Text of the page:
Photo: José Goulão via Flickr
“How would it look if headliners Usain Bolt, Tyson Gay or Asafa Powell got tossed from Sunday’s final because of one false start?”That’s exactly what happened this week when Bolt – the fastest man alive – was disqualified from the 100 meter final at the World Championships this week, thanks to the IAAF’s new one-and-done false start rule.
The thing is, that quote above was written two years ago, before track and field’s governing body even instituted the new rule that disqualifies runners after the first false start of a race.)
In other words: it’s a bad rule, everyone knew it was a bad rule when it was created, and it’s only a matter of time before a major Olympic final is ruined by having a superstar athlete get ejected for a harmless mistake.
As this piece by ESPN’s Jeff MacGregor points out, not only does it ruin the drama and intensity of major races, it potentially robs us of the chance to see more world records fall. All racers will be more hesitant out of the blocks, knowing that a single slip up could cost them four years of their life.
We sports fans only get so many chances to watch a supreme athlete like Bolt perform at the highest levels. He breaks world records without breaking a sweat. So when he gets disqualified from a race over a technicality, the whole race gets disqualified.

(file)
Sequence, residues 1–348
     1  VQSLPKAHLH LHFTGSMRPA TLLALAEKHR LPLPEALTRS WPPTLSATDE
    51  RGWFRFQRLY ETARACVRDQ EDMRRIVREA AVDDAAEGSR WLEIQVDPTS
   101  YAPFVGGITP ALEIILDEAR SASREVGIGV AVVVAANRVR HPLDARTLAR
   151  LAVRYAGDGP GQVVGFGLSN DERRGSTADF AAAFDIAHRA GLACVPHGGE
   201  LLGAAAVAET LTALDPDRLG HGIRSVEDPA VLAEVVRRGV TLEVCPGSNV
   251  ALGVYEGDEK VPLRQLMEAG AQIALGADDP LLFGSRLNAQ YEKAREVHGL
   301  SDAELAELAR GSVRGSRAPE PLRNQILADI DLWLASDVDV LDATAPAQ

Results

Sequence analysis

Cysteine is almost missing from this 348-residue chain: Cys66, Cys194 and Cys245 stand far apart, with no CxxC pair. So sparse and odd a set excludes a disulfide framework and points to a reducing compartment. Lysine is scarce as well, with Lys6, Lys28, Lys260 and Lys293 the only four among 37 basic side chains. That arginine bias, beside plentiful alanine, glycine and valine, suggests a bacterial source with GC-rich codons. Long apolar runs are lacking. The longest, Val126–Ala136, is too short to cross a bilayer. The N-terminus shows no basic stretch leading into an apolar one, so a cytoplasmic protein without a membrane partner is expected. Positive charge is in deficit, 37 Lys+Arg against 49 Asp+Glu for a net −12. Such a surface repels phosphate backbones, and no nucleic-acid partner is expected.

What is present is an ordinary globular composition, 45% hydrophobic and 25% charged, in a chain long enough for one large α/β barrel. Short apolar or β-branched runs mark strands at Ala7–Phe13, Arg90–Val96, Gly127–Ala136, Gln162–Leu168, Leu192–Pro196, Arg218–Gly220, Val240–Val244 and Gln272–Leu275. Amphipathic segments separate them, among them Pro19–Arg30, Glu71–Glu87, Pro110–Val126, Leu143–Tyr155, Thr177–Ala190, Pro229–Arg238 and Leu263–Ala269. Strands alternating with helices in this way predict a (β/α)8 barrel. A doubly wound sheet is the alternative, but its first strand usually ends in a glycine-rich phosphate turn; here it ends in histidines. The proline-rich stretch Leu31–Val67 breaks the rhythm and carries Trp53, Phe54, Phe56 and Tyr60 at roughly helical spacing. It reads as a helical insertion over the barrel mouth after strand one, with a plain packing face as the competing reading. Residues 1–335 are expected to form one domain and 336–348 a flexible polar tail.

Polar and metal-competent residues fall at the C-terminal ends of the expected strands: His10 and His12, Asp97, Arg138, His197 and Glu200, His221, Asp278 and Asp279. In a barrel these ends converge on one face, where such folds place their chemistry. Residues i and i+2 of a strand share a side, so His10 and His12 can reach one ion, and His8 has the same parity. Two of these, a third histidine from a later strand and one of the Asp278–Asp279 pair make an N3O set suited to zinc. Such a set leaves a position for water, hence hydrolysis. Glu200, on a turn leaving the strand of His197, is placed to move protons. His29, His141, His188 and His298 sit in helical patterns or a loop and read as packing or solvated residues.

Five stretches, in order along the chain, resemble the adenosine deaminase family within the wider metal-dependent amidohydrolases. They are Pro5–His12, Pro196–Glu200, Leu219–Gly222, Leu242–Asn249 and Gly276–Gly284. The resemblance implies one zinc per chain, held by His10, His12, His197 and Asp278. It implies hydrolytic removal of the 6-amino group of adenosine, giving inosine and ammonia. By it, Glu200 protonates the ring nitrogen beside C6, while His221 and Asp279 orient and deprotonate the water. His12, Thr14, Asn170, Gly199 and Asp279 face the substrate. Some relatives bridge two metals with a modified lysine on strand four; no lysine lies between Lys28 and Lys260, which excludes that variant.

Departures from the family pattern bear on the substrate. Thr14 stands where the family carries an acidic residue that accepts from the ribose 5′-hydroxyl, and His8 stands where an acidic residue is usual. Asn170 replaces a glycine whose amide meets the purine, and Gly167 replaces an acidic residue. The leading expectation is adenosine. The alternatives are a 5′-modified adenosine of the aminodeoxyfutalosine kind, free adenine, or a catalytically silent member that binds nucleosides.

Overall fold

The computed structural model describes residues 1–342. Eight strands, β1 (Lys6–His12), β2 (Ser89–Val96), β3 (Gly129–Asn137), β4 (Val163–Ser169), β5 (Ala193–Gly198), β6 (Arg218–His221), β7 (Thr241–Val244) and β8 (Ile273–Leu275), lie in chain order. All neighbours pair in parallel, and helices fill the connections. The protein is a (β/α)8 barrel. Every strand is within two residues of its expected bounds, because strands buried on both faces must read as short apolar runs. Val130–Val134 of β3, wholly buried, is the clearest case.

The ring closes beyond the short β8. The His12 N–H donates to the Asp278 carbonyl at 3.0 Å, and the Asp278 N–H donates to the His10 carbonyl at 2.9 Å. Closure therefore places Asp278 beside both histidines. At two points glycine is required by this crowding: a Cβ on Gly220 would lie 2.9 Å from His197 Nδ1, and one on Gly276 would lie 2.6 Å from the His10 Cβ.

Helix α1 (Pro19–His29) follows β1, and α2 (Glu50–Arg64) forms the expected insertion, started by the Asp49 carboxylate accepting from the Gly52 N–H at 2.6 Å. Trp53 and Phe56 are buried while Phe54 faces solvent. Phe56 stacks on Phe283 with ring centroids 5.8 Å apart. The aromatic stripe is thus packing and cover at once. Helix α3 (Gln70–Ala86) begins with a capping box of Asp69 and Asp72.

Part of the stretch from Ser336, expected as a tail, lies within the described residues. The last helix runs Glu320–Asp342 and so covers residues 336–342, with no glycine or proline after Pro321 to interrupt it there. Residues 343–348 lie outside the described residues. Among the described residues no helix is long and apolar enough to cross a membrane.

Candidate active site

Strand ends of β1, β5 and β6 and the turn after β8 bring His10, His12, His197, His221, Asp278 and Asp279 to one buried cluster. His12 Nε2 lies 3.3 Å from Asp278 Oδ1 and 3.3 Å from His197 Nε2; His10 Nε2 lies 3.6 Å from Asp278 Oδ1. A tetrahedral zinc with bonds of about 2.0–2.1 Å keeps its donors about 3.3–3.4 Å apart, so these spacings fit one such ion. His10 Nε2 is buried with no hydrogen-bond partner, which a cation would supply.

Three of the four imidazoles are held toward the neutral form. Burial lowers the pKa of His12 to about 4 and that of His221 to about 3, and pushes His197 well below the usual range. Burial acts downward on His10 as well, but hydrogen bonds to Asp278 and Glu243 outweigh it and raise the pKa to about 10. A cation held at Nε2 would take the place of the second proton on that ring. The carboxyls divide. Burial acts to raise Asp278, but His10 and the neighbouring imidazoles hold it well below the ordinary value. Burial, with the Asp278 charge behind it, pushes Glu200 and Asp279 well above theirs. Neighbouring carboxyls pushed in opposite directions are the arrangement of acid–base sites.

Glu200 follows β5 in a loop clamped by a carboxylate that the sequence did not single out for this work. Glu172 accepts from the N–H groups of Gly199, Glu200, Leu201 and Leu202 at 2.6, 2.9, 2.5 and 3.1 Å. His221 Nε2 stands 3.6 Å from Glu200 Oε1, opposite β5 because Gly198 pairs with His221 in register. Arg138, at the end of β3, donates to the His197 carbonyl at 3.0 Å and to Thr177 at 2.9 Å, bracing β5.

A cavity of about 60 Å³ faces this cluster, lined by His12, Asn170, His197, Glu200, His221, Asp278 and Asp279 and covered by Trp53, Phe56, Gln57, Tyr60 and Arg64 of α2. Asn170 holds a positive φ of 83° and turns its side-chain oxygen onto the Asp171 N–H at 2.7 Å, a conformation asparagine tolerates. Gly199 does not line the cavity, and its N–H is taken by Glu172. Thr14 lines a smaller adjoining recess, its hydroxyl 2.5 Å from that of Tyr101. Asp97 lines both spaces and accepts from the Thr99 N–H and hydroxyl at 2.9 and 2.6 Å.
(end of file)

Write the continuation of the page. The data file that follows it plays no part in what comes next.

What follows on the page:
Does anyone think Yohan Blake’s 9.92 was a true gold medal performance? Does Blake even feel like a champion knowing that he didn’t have to face his big threat ever?
False starts may delay races or get abused as “mind games” by opponents … but so what? Mind games are a part of the sport. You don’t think Bolt – who, before he was DQ’d, reminded the runners in the lanes next to him that they were wasting their time – can find other ways to play mind games? That’s all part of the drama and spectacle of high-stakes races.
Bolt and other runners will surely adjust (just like they did to the “first false start goes to the field” rule that track and field has operated under for several years.) But if one Olympic sprint final – men’s or women’s at any distance – is ruined because of one mistake like this, then we all lose.
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